• The practice of human-centered design should continue to grow. Human-centered design is a creative approach to solving complex problems. It involves investigation, conversations, prototypes, and an iterative process to develop empathy with the people you are designing for – to create better long-term solutions.
  • Related to the previous point, but deserving its own focus, we need to include and work with more people who don’t look like us, people who come from different backgrounds and life experiences. Whether it’s been intentional or not, subtle or overt, too many people have been excluded from creating a more just and equitable world.

It’s unlikely that the pace of change will slow. Things are going to get broken. You can’t make a cake without breaking a few eggs, as they say. But what can change is our willingness and diligence to consider the consequences – to acknowledge and mitigate the destruction as we create new systems that serve all of us.

Conversations with Quarantined Creatives

Conversations with Creatives blog banner - CQC and speech bubbles on a bright green backgroundLike the rest of the world, people in creative professions are experiencing stress right now. We are needing to figure out new ways of doing many things, but it can often feel like we have to do this all alone. While we cannot control the world around us, we can control how we respond.

This was the impetus for Conversations with Quarantined Creatives – a series of eight interviews with creative leaders around the country completed over the span of four weeks, from mid-April through early May. I wanted to learn how designers, photographers, and writers were adapting creatively to an entirely new set of constraints.

Then, as states slowly started loosening stay-at-home orders, the country experienced additional trauma with widespread protests, rioting, and anguished cries for systemic change in the wake of George Floyd’s murder by four Minneapolis police officers.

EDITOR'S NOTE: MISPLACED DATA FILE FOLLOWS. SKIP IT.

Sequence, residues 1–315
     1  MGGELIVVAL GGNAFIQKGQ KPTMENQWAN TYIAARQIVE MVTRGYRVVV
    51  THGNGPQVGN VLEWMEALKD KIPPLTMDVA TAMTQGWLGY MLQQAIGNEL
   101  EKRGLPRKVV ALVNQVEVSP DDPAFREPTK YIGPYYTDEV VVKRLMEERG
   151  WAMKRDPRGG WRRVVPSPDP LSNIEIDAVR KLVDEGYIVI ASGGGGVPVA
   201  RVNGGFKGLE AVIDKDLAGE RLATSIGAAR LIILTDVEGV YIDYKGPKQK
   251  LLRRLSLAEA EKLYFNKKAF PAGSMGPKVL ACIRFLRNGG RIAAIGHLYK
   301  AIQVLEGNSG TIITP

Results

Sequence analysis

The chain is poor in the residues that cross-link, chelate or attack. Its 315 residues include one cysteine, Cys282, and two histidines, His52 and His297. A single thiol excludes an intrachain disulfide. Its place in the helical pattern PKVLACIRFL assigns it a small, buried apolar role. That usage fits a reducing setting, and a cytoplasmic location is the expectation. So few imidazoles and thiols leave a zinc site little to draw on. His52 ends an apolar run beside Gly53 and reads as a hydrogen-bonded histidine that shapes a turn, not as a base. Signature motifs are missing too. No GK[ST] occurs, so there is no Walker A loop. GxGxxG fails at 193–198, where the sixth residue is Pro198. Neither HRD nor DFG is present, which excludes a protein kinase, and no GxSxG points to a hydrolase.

Looking back on these conversations, it almost seems like they happened a lifetime ago. Such has been the incredible pace of change and disruption this year. But there were several recurring themes throughout the series that I think resonate in good times or bad.

Launch the product

I awoke at 2:30 a.m. one morning in early April, a good three hours before my alarm, with the nearly fully formed concept for the series playing in my head. The fact that I had never recorded a conversation over Zoom mattered little. One week later I conducted my first interview. Given the fluid nature of life in quarantine, I felt an urgency to do this immediately. Other takeaways:

  • As Seth Johnson said in the very first episode: “If you want to learn something, you’ve got to make something.” If you think of your work as an endless series of prototypes, not a polished or finished product, your knowledge will continue to grow.